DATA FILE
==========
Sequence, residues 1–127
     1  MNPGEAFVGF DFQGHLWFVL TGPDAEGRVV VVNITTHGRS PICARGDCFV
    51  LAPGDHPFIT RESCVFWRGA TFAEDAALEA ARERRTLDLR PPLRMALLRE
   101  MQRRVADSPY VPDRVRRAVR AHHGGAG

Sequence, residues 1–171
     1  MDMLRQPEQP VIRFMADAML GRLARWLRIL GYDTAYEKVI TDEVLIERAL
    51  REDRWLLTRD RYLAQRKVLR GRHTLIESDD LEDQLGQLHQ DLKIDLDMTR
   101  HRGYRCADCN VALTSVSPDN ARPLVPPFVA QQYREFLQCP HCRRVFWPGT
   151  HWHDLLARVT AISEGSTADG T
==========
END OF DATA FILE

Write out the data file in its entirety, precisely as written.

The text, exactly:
Sequence, residues 1–127
     1  MNPGEAFVGF DFQGHLWFVL TGPDAEGRVV VVNITTHGRS PICARGDCFV
    51  LAPGDHPFIT RESCVFWRGA TFAEDAALEA ARERRTLDLR PPLRMALLRE
   101  MQRRVADSPY VPDRVRRAVR AHHGGAG

Sequence, residues 1–171
     1  MDMLRQPEQP VIRFMADAML GRLARWLRIL GYDTAYEKVI TDEVLIERAL
    51  REDRWLLTRD RYLAQRKVLR GRHTLIESDD LEDQLGQLHQ DLKIDLDMTR
   101  HRGYRCADCN VALTSVSPDN ARPLVPPFVA QQYREFLQCP HCRRVFWPGT
   151  HWHDLLARVT AISEGSTADG T